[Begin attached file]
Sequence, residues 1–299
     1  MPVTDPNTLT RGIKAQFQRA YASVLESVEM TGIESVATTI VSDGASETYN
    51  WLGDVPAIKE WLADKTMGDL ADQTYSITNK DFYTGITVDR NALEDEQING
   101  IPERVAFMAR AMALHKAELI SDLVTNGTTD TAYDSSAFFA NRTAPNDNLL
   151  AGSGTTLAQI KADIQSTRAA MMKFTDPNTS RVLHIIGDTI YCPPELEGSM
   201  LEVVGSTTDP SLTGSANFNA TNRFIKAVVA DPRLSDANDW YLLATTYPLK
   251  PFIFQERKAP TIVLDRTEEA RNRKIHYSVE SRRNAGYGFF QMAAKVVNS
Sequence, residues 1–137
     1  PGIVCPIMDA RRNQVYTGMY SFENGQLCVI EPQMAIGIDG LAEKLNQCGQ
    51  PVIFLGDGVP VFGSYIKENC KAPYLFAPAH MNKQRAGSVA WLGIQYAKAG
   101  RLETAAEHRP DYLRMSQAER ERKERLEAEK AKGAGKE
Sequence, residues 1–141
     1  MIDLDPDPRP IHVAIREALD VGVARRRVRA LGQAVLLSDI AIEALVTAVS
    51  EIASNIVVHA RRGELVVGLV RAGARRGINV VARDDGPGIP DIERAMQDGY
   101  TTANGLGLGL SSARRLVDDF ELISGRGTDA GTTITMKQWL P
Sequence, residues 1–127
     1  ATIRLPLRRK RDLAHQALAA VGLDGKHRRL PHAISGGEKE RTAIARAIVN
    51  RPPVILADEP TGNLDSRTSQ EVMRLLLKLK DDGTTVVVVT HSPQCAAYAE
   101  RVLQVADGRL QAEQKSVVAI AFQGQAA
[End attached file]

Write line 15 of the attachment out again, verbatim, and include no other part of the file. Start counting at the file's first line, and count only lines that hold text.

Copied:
   101  TTANGLGLGL SSARRLVDDF ELISGRGTDA GTTITMKQWL P